Apple’s component suppliers have started mass production of the new tablet, with 10m ready to ship by Christmas, but an analyst thinks that the company is too late to make an imprint on the 7in tablet market.
Further to claims that Apple will announce an iPad mini next week, with the device shipping the following week, a report has appeared claiming that Apple's component suppliers have started mass production of the new tablet, but an analyst thinks that the company is too late to make an imprint on the 7in tablet market.
The Wall Street Journal claims that two of its sources confirmed that production of the iPad mini has begun.
A Barclays analyst believes that Apple is ramping up to sell nine to ten million iPad mini units before the end of the year. According to Barclays analyst Kirk Yang, Apple is using Hon Hai Precision Industry (Foxconn) and Pegatron to produce the iPad mini. Where Hon Hai is expected to ship six to seven million iPad minis in the run up to Christmas, Pegatron is expected to ship three million iPad minis in the fourth quarter of 2012 - less than had been hoped.
Yang suggested production of iPad minis had been delayed due to component supply constraints.
"Unlike Hon Hai Precision Industry, Pegatron lacks the experience for tablet assembly, which has a long learning curve," Yang wrote in a note to investors.
Despite the issues with tablet assembly, Yang believes Apple will launch the iPad mini in October. Yang wrote: "As most iPad component vendors ramp up shipments in September that would continue into the fourth quarter of 2012, we do not see any signs of a postponed shipment schedule, suggesting an on-time October product launch."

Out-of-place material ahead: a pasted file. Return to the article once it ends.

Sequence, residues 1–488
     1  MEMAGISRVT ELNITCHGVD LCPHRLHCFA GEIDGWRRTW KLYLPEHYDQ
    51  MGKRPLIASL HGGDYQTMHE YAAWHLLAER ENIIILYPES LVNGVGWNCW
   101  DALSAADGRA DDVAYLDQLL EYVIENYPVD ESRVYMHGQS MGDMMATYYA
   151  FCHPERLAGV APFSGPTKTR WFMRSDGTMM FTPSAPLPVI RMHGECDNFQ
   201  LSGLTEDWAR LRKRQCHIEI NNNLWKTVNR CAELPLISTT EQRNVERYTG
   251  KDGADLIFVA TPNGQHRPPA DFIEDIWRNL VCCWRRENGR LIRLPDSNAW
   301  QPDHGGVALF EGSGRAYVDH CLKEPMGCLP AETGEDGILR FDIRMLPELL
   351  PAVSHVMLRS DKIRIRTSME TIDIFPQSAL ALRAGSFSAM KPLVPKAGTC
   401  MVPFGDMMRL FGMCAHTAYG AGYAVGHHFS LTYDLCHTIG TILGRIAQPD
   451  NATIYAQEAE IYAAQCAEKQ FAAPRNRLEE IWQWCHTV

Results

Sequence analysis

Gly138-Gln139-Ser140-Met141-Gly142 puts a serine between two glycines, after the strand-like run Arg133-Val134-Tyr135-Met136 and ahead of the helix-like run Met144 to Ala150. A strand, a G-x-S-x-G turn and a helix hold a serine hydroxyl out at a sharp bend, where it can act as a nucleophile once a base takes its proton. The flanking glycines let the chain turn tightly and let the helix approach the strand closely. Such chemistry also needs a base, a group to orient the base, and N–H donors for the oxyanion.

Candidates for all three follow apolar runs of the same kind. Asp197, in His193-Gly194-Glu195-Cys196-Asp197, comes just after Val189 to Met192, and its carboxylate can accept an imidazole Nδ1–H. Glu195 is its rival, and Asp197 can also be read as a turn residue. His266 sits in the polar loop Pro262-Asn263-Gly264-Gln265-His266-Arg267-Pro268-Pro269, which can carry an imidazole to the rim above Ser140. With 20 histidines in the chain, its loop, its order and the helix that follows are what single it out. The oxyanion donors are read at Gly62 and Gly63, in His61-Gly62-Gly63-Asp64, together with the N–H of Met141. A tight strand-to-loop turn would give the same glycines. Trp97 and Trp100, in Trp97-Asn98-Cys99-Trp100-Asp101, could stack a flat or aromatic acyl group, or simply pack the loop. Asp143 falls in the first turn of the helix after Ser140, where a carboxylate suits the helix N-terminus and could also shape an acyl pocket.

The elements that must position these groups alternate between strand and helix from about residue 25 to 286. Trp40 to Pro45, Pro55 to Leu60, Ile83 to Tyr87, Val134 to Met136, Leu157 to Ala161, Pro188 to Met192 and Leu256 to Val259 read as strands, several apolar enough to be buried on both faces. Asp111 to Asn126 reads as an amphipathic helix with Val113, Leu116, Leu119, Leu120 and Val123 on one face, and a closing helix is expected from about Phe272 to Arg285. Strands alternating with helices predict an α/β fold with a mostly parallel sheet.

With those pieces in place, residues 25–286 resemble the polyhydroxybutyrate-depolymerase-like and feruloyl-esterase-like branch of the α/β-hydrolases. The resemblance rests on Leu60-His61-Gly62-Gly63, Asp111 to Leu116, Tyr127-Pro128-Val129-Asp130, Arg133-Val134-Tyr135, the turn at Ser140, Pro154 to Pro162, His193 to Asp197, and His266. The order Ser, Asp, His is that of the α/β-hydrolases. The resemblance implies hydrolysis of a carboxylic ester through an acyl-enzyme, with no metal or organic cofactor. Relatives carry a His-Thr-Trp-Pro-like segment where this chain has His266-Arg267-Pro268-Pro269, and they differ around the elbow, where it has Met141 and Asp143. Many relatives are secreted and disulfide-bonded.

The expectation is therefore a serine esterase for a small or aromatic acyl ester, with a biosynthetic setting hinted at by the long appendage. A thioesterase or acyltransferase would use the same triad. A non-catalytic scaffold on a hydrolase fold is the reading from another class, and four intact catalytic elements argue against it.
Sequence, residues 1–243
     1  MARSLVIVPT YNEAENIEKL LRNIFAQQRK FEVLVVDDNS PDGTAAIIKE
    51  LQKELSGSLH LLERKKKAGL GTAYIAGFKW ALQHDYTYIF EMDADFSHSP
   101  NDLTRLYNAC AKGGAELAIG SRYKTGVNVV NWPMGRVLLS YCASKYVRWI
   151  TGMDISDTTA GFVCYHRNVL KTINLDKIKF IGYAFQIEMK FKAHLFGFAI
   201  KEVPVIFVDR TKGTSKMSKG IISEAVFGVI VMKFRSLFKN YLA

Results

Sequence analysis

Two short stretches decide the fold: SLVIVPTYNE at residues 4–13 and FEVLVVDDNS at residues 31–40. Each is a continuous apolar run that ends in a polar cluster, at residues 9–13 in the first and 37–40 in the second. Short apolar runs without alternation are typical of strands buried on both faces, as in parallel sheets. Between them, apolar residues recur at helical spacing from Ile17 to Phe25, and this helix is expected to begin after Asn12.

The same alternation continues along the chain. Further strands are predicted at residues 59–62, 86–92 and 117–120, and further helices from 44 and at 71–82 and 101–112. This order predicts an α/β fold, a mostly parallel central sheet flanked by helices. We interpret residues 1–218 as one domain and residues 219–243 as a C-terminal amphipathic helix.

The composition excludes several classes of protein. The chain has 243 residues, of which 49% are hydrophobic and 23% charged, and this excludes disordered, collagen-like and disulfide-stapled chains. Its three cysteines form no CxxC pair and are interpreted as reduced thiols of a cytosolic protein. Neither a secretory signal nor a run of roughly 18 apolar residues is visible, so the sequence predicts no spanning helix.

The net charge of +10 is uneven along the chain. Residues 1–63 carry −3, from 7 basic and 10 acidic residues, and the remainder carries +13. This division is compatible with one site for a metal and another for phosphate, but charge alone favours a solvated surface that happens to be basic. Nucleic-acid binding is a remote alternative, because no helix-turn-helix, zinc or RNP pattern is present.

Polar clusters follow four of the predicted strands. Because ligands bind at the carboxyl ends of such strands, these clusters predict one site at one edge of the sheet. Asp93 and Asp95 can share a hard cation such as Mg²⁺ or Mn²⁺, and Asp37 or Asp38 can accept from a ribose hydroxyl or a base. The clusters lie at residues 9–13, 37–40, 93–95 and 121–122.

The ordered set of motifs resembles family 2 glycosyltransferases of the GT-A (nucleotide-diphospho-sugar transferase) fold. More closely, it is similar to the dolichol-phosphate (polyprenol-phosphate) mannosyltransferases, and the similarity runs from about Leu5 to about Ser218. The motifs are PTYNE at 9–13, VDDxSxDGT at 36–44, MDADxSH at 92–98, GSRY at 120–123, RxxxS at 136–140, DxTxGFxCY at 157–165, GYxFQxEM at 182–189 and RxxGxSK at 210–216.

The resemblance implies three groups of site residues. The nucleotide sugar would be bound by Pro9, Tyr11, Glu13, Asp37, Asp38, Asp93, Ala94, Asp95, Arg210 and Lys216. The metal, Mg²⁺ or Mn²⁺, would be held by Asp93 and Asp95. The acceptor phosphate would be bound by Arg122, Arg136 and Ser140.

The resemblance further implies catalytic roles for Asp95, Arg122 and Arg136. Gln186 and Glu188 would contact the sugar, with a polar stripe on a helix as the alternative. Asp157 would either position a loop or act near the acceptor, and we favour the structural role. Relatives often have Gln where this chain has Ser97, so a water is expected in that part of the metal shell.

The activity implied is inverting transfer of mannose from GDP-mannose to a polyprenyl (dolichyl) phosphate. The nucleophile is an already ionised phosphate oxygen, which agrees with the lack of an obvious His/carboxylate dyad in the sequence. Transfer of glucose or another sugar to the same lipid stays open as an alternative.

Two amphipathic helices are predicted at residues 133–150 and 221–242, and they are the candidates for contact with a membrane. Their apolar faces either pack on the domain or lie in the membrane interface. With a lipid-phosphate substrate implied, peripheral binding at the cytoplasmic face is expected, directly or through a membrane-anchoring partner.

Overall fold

However, another analyst is suggesting that even an October launch may be too late.
Analyst Rob Enderle told Sci-tech today: "Any way you look at it, Apple is either months or almost a year late to the market with this."
Along with noting that Apple is late to market with this form factor, Enderle suggested that it may struggle to compete with the already established, and cheaper, devices. "The Kindle Fire was the tablet that really got people looking at the sevens to begin with, followed by the Nexus 7."
Rumors have suggested a $250 (£155) price for the iPad Mini, this is more than other 7in tablets.
"I don't see Apple's angle here, which I think is a problem," he said, noting: "They have to maintain margins so they can't beat them on price. The screen on both the Nexus 7 and the Kindle Fire are very good, so they can't really beat them on screens."
Another issue: people use 7in tablets in a different way to 10in tablets like the iPad. Can Apple provide the kind of content 7in tablet users want? "The 7in tablets are all about content - books and movies. Unlike the 10in class of tablets, where people expect to do productivity tasks on the device, the 7in is just for consumption."
While Apple has an already established App Store and iBookstore, Enderle doesn't think that will be enough. "The killer apps are pretty much already on the Kindle and the Nexus 7, which is going to make it much tougher for Apple to break in," he said.
And it's not just the Kindle and Nexus that Apple will be competing with. "Apple could cannibalize its larger iPad sales with what is a smaller revenue product and that doesn't work out for them, either. There are a lot of ways this could go wrong," Enderle said.
The questions are whether Apple will price the mini iPad aggressively enough to compete with Amazon's Kindle HD and Google's Nexus 7, and if, in so doing it cannibalizes sales of its larger iPad. If the iPad is sold at a lower price, would that hurt Apple's profit margin?
Another analyst is less negative. Daiwa Capital Markets analyst Christine Wang believes a smaller tablet could help Apple broaden its product portfolio and stay competitive in the increasingly crowded market. She expects Apple's iPad mini to sell for a lower prices than the current iPad and believes it will appeal to consumers who find the current iPad too heavy or too expensive. "Many people use the iPad to play games and watch videos, but they cannot hold it with one hand," Wang told the Wall Street Journal.
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